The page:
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Alumni Perspective

bot-2021-8-copy.jpgCurt Fitchett ('97), Alumni Representative on the Letourneau University board of trustees,

senior manager at the boeing company

As chairman of the LeTourneau University Alumni Advisory Council, I was asked to make some opening remarks at last month’s Hootenanny weekend chapel. Seemingly blinded by the lights as I walked onto the stage of the Belcher Chapel & Performance Center emphasized how much campus has evolved since my time there in the mid-1990s. If you haven’t been back on campus within the past several years, it’s worth noting that there are a number of new dorm buildings (I recall when the Trinity Residence Halls were the “new” dorms), a great new student center (where Saga once stood), and the metal buildings have gotten a facelift. Even the pond has been cleaned up… you might even voluntarily jump in.

Immediately following my graduation in May 1997, in the then brand new Solheim Center, I joined a sizable group of my LeTourneau alumni in Wichita, Kansas, at The Cessna Aircraft Company. A few years later, I had the opportunity to expatriate to Paris, France, where I was the Citation Field Service Engineer responsible for Western Europe and the Middle East.

During my time abroad, I made a trip to Dallas, Texas, for my college roommate’s wedding and, as is often the case, I met a girl who happened to be living in London. We dated between London and Paris, but soon her assignment concluded and she returned home to southeastern Pennsylvania. To make a long story very short, I repatriated, got married, and took a job with The Boeing Company, where I have been since 2003. I am currently the MH-139 Grey Wolf Chief Engineer, but also serve as the V-22 Osprey Project Engineering Senior Manager. Prior to these roles, I spent 17 years working a number of different engineering assignments on the H-47 Chinook program.

There is no doubt that my time at LeTourneau University prepared me for the personal and professional opportunities (and challenges) that I’ve had across the last 25 years. Our vision statement is compelling: Claiming every workplace in every nation as our mission field, LeTourneau University graduates are professionals of ingenuity and Christ-like character who see life's work as a holy calling with eternal impact.

I now have the privilege of representing LeTourneau University alumni on the Board of Trustees and, interestingly, my initial Board of Trustees meeting coincided with the inauguration of our new president, Dr. Steven Mason. It was very apparent to me that each and every trustee is genuinely and personally committed to the mission of LeTourneau University: LeTourneau University is a comprehensive institution of Christian higher education where educators engage learners to nurture Christian virtue, to develop competency and ingenuity in their professional fields, to integrate faith and work, and to serve the local and global community.

Considering our current cultural and political environment, the Board of Trustees continues to partner closely with Dr. Mason and his leadership team as they prepare to not only exist, but in fact thrive, when access to federal funding is threatened because we are unwilling to compromise on our vision and mission statements and unwavering in our commitment to Christ in this regard. As a whole, the university is aligned on the Strategic Plan, which is made up of four Mission Critical Objectives (MCOs): Academic Excellence and Ingenuity (Aei), Financial Strength Growth & Stewardship (Fgs), Diversity & Hospitality (Dh), and Campus Culture, Health, & Well Being (Chw). These MCOs are not just dreams and big ideas; in fact, a team comprised of individuals from the president’s cabinet, faculty, staff, and trustees meet regularly to develop and implement tactical initiatives specific to each MCO. I’m currently supporting the Chw MCO.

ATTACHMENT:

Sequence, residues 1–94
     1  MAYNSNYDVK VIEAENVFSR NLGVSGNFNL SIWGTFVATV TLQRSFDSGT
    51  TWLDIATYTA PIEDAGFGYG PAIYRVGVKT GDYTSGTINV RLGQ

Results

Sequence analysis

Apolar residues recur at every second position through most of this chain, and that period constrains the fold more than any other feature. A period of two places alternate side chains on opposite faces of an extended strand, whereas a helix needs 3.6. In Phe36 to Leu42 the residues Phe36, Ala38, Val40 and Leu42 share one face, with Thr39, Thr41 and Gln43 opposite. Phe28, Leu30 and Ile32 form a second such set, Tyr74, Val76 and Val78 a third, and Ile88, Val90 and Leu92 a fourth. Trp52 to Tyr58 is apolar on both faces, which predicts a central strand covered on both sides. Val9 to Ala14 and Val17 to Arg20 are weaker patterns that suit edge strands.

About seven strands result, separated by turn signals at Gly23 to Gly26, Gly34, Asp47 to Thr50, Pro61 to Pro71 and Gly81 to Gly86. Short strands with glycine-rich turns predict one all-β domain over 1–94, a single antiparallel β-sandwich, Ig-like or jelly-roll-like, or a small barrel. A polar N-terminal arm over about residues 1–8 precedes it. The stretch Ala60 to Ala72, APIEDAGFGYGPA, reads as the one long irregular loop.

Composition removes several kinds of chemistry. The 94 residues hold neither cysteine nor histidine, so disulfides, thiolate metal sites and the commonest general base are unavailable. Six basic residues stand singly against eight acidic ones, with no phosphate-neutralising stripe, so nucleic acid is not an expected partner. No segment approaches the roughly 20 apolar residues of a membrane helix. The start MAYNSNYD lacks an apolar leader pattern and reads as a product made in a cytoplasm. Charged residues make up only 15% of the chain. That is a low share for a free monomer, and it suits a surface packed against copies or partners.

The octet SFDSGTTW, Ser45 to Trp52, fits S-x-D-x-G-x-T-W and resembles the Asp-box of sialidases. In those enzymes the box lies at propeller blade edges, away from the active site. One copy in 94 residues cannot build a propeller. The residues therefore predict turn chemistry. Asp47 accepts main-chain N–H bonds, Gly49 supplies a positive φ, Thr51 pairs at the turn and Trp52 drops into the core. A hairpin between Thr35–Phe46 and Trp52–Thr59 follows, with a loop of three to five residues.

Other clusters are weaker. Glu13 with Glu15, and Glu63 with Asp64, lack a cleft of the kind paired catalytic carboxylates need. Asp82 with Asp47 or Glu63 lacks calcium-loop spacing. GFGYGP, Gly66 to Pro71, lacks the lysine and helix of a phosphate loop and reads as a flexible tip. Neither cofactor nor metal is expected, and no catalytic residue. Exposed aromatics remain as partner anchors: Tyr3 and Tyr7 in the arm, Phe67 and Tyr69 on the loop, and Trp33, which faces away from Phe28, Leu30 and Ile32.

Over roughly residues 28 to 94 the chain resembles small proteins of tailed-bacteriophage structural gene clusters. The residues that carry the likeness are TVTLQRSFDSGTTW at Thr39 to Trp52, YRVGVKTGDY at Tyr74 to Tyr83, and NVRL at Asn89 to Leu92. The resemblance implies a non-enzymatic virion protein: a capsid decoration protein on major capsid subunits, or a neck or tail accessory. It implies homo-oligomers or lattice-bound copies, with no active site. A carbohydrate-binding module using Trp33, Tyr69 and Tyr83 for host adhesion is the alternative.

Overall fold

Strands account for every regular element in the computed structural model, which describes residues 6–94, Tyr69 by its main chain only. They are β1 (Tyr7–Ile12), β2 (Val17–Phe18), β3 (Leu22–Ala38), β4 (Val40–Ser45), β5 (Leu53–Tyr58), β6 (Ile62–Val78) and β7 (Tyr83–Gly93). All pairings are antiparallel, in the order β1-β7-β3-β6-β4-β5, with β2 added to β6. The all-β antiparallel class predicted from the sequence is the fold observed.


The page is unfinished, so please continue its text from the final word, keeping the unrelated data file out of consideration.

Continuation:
I noted a few impressive infrastructure changes on campus earlier, but perhaps it is more important to highlight some of the things that have not changed, e.g. the commitment and love that the administration, faculty, and staff have for the individual students, the focus on excellent education, and a resolute Biblical stance. If you were curious or wondering where LeTourneau University is today in terms of its vision and mission, I can confirm, from personal experience, that we are single minded in our desire to seek God’s specific guidance and wisdom.

Bill Anderson, our previous Chairman of the Board, said in one of his last addresses to the Board of Trustees, “Guard the mission.” To that end, we meet monthly in small groups to pray, very specifically, for all aspects of the university. This time is unique and special to me because of our collective desire to seek God’s will for the future of LeTourneau University. It is encouraging to me to see, first hand, the leadership’s comprehensive commitment to the mission of LeTourneau University, strategically, with tactical objectives.

If you haven’t already, I strongly encourage you to read Dr. Mason’s essay, LeTourneau University as The Christian Polytechnic University: Embracing the Saga of Our Unique Organizational Calling. He neatly articulates our past, present, and future. I am excited about LeTourneau University and look forward to what God has for this special place in the next 75 years.